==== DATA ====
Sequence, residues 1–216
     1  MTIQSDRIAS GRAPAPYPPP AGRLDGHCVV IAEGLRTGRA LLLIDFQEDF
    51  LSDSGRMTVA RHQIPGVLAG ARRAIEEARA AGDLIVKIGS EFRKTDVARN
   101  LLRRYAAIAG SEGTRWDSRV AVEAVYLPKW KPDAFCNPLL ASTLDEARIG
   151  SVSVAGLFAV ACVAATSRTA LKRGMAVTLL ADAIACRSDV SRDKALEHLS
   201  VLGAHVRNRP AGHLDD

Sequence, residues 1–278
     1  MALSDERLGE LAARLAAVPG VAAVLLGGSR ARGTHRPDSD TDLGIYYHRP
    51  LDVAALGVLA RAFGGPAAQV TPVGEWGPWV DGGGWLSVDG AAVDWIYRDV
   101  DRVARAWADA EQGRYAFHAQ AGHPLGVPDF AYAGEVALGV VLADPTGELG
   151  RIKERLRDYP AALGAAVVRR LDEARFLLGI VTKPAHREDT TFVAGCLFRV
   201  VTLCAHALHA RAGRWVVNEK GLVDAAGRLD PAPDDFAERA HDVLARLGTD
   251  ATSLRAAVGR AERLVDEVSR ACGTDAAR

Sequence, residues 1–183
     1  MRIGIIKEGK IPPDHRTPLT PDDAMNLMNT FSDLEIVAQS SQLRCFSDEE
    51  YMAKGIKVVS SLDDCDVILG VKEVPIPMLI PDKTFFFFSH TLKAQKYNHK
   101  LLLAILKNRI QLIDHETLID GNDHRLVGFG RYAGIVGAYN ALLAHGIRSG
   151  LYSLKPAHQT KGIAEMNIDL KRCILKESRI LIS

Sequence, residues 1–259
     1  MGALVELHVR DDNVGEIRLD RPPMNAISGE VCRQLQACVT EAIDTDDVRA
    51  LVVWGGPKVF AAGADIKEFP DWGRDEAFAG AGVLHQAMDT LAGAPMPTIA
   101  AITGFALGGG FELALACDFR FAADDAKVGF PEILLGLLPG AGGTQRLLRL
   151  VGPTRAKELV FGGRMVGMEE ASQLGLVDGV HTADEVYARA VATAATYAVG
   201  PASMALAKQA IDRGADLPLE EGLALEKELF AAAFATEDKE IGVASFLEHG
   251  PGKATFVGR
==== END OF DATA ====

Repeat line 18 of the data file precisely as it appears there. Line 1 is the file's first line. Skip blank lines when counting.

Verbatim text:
   151  LYSLKPAHQT KGIAEMNIDL KRCILKESRI LIS